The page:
The telephone that was used to place the historic first Earth-to-moon long distance call is now on public display at the National Archives, along with other spaceflight artifacts related to Richard Nixon's presidency.
"Nixon and the U.S. Space Program" opened on Monday (Jan. 7) within the "Public Vaults" exhibit in the National Archives Building in Washington. The archivist of the United States David Ferriero and Jim Gardner, executive of legislative archives, presidential libraries, and museum services, oversaw a ribbon cutting for the mini-exhibit.
The display, which was organized in commemoration of the 100th anniversary of the birth of Richard M. Nixon, the 37th President of the United States, features rarely seen documents, photos, and objects that represent milestones in human spaceflight that took place during Nixon's time in the White House, from 1969 through 1974. [U.S. Presidents’ Space Visions through History]
Most historic telephone call ever
Although it was President John F. Kennedy who set the nation on the course to the moon, it was Nixon who was in office during the first manned lunar landing that fulfilled JFK's challenge. On the evening of July 20, 1969, shortly before midnight (EST), Nixon picked up the receiver of the olive green phone in the Oval Office and called the moon.
"This certainly has to be the most historic telephone call ever made," Nixon told Neil Armstrong and Buzz Aldrin as they stood at Tranquility Base. "For every American, this has to be the proudest day of our lives. And for people all over the world, I am sure they too join with Americans in recognizing what an immense feat this is."
"For one priceless moment in the whole history of man, all the people on this Earth are truly one: one in their pride in what you have done, and one in our prayers that you will return safely to Earth," Nixon said.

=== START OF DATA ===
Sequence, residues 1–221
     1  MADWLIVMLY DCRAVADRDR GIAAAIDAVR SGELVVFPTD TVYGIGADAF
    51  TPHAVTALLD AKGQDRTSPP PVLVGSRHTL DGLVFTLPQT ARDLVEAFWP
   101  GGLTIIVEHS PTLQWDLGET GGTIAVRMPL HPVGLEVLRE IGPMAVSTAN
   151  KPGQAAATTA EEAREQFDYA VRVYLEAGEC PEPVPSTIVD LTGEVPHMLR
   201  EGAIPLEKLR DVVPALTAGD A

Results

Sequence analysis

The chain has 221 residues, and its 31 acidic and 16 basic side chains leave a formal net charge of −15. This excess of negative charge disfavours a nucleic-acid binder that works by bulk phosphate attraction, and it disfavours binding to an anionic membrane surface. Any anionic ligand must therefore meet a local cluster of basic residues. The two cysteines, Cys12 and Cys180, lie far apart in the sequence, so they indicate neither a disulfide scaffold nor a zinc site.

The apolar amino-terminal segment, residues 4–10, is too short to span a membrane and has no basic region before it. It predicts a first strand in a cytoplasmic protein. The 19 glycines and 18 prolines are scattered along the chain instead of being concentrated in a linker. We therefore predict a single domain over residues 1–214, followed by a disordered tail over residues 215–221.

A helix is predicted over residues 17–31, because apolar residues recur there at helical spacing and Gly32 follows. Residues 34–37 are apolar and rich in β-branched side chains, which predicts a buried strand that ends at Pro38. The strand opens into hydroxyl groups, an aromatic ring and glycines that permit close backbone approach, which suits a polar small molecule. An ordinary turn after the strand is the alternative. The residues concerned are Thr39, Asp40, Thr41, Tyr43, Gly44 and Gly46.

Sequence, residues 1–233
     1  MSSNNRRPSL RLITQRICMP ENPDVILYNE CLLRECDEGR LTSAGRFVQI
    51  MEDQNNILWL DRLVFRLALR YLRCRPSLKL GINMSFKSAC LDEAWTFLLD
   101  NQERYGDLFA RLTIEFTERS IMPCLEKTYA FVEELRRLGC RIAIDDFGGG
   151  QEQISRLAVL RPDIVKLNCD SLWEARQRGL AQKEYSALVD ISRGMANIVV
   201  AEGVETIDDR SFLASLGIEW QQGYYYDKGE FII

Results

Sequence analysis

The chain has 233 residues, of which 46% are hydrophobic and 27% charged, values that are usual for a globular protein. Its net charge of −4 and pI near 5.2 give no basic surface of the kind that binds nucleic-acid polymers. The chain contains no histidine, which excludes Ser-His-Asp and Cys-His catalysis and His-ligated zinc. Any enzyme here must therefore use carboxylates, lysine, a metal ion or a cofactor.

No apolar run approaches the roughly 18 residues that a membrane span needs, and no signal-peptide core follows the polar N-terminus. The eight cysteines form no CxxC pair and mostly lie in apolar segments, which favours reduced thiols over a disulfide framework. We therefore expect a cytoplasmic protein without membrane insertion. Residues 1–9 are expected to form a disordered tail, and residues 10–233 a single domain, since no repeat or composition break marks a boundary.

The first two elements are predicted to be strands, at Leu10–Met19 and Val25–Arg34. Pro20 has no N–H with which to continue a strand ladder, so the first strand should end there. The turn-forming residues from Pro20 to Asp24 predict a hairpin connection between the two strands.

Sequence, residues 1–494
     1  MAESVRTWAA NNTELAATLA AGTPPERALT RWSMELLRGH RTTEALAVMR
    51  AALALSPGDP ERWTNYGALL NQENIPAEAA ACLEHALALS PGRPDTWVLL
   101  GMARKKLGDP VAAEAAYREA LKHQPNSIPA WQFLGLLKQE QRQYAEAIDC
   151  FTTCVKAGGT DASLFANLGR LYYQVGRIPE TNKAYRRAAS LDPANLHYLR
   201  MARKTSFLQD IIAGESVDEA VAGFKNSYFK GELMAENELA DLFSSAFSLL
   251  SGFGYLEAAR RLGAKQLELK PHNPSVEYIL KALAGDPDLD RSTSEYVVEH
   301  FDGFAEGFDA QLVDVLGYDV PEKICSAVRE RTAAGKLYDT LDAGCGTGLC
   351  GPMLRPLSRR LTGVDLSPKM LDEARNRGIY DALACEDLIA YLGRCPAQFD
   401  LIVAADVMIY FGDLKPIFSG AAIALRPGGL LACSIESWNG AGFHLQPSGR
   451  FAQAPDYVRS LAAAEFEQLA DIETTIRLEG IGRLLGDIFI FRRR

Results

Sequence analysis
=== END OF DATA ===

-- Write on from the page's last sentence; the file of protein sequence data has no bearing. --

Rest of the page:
"It's a great honor and privilege for us to be here," Armstrong replied over his radio headset. "It's an honor for us to be able to participate here today."
In event of moon disaster
The telephone Nixon used to congratulate Armstrong and Aldrin is exhibited alongside the text of a speech he would have delivered had the lunar landing not been successful. The contingency statement, which was drafted by William Safire, was in case the Apollo 11 moonwalkers were killed or left to die on the moon.
"Fate has ordained that the men who went to the moon to explore in peace will stay on the moon to rest in peace," reads the draft speech. "For every human being who looks up at the moon in the nights to come will know that there is some corner of another world that is forever mankind."
The speech, which went unused, was revealed 30 years after Apollo 11 had returned safely to Earth. Nixon greeted Armstrong, Aldrin and their command module pilot Michael Collins on board the USS Hornet aircraft carrier after their safe splashdown in the Pacific Ocean on July 24, 1969.
Five more crews landed safely on the lunar surface in the three years that followed Apollo 11. A pair of tongs used by Apollo 12 astronauts Charles Conrad and Alan Bean to collect moon rocks is also part of the "Nixon and the U.S. Space Program" exhibit.
Nixon and the U.S. space program
Under his presidency, Nixon saw an end to NASA's Apollo moon program in 1972 and the early development of the space shuttle. Nixon was also in office for the launch of Skylab, the United States' first space station, and its three crewed missions from 1973 to early 1974. Nixon resigned in August 1974, rather than face his impeachment for his involvement in the Watergate scandal.
"Nixon and the U.S. Space Program" will be on exhibit at the National Archives through June 2013, when the small display will be changed to feature artifacts and documents from the administration of President Gerald Ford.
The materials now on exhibit are on loan from the Richard Nixon Presidential Library and Museum in Yorba Linda, Calif., one of 13 presidential libraries administered by the National Archives.